The minutes to the 3 May FOMC meeting when it hiked rates by 25bp echo the comments we have been hearing from officials. “Some” members clearly think there is more work to do to constrain inflation, but “several” think they may have already done enough. The market pricing of a 30% chance of a June hike seems fair, but volatility looks set to continue
“Some” versus “several” debate seemingly favours a June pause
The minutes to the May Federal Open Market Committee meeting show that there is a split as to whether there will be the need to raise interest rates further. Some members felt that based on the newsflow to date, getting inflation back to target “could continue to be unacceptably slow”, which would mean “additional policy firming would likely be warranted at future meetings”. However, “Several participants noted that if the economy evolved along the lines of their current outlooks, then further policy firming after this meeting may not be necessary”. Our interpretation is that “several” probably exceeds “some”, but the key take-away is that “Many participants focused on the need to retain optionality after this meeting” – i.e. data dependency.
In terms of the economic backdrop, inflation remained “unacceptably high” although “participants judged that risks to the outlook for economic activity were weighted to the downside”. Federal Reserve staff continue to forecast that “the effects of the expected further tightening in bank credit conditions, amid already tight financial conditions, would lead to a mild recession starting later this year, followed by a moderately paced recovery”. It was unsurprising to see the Fed acknowledging that a “timely” increase in the US debt ceiling is “essential “avoid the risk of severely adverse dislocations in the financial system and the broader economy”. Their concerns will be higher now.
Comments from officials suggest the debate remains similarly balanced
The tone of the minutes reflects the balance of the Fed comments we have subsequently heard. Fed Chair Powell appears to be in the camp leaning towards a pause. In response to a question from Nick Timiraos at The Wall Street Journal during the FOMC press conference on whether policy is now “sufficiently restrictive”, Chair Powell responded “Policy is tight, you see that in interest-rate sensitive activities and you are beginning to see it more and more in other activities. And if you put the credit tightening and the quantitative tightening on top of that, I think we may not be far off, we’re possibly even at that level.”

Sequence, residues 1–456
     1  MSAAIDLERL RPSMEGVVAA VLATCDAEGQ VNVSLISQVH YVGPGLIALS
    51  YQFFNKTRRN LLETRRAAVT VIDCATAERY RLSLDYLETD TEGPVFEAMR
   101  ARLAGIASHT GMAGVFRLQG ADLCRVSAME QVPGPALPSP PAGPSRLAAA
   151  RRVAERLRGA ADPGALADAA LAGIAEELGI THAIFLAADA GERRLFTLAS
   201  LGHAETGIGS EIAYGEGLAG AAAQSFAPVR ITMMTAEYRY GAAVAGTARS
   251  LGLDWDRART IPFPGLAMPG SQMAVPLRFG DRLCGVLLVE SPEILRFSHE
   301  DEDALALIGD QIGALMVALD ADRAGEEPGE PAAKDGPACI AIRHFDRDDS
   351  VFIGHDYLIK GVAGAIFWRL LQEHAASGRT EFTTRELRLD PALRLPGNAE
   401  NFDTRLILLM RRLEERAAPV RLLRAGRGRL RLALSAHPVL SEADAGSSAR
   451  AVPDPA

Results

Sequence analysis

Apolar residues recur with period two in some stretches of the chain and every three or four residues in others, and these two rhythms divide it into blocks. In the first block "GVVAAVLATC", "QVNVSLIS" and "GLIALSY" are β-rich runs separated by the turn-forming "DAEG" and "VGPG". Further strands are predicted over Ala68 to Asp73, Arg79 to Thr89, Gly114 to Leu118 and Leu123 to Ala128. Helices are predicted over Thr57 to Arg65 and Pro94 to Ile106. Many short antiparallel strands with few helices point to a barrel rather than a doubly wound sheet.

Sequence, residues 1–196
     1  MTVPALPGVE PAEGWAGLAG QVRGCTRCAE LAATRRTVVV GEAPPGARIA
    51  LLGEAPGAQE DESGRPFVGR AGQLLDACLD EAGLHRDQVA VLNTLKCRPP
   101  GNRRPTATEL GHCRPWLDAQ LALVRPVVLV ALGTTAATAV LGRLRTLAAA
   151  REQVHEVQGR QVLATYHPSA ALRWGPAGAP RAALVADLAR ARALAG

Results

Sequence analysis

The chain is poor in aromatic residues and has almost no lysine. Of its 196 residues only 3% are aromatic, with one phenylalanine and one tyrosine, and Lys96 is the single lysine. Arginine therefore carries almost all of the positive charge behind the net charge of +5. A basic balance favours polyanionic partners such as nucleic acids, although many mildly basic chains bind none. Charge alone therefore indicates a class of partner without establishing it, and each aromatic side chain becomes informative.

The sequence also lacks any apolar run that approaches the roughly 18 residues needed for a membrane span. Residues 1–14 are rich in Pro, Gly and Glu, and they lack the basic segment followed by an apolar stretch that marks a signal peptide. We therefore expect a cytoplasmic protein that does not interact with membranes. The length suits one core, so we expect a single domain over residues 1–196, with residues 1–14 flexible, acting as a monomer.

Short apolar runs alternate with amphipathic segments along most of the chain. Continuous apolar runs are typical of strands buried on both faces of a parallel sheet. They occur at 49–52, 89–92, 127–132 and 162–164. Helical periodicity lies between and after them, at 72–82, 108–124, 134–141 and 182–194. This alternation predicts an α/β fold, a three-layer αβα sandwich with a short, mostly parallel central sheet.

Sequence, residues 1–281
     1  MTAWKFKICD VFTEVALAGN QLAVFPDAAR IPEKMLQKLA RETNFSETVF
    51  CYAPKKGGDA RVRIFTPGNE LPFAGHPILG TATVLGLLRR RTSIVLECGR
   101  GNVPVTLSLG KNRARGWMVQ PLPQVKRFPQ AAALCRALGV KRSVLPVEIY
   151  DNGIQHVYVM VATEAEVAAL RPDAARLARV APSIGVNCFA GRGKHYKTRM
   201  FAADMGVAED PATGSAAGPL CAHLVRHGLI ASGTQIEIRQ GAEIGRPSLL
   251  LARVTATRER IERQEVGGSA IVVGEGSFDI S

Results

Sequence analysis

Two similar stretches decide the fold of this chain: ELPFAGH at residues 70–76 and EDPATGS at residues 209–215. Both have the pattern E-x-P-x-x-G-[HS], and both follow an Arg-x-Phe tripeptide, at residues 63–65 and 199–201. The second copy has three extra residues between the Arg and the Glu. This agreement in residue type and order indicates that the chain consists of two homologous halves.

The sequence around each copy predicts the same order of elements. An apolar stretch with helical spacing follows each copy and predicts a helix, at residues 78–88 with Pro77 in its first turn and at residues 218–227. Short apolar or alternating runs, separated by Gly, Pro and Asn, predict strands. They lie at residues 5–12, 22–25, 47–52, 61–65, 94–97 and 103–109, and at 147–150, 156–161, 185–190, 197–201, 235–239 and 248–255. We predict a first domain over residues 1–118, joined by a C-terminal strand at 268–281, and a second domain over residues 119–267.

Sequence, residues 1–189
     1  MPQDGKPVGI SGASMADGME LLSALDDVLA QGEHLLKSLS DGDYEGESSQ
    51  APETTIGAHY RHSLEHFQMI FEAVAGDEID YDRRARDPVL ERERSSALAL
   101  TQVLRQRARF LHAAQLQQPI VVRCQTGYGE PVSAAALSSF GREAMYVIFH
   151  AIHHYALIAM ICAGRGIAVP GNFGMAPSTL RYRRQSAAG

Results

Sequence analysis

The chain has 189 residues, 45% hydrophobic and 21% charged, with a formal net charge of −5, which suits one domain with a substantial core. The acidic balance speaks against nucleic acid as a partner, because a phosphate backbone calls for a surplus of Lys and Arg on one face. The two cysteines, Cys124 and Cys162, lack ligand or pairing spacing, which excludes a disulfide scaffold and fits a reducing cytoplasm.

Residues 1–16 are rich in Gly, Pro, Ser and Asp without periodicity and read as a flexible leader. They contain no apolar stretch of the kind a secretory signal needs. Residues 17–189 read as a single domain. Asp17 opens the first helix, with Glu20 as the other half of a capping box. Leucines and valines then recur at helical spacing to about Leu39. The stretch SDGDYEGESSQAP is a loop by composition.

However, the hawks are still pushing for more action with non-voter James Bullard favouring potentially two more 25bp rate hikes and voting member Neel Kashkari and Fed Governor Chris Waller suggesting it is premature to declare that the tightening cycle is over. Others though are more open to the idea of a pause given the 500bp of hikes enacted since March last year has been the most aggressive and rapid period of monetary policy tightening for 40 years. With monetary policy operating with long lags before it really has an impact on the economy there are several FOMC members making the case, similarly to Jerome Powell, that they are considering skipping the June meeting and will reconsider the situation in July.
We still favour the next move being a rate cut, but the timing is difficult
The market has significantly repriced the outlook for Fed policy. Just two weeks ago they were looking at rates having peaked and a first 25bp rate cut coming in September with nearly 100bp of cuts by the January 2024 FOMC meeting. Now there is a 30% chance of a 25bp hike and a 65% chance by the July FOMC meeting. Cuts are still priced before year end, but no-where near to the same extent.
What happens next will come down to the data and events, such as inflation, jobs, the debt ceiling showdown and what is happening with the state of the banking sector and the impact on the flow of credit. Our central view is that tighter lending conditions will do the Fed’s work for it and further rate rises aren’t necessary. However, we acknowledge that many at the Fed want to see clear evidence that inflation is destined to head back to 2%. We think June will see a “skip” outcome, which will then be extended with rates now at their peak.
We then have a 50bp rate cut in November and December with the Fed funds rate down to 3% in the second quarter of 2024. This is certainly more aggressive than the market pricing and economist consensus. It reflects our concern that the effects of tighter lending conditions are underplayed and the resulting economic slowdown will dampen inflation more rapidly than the market does. We readily accept that the risks are skewed towards this economic pain being felt later than we predict with relatively strong household and corporate balance sheets mitigating some of the headwinds.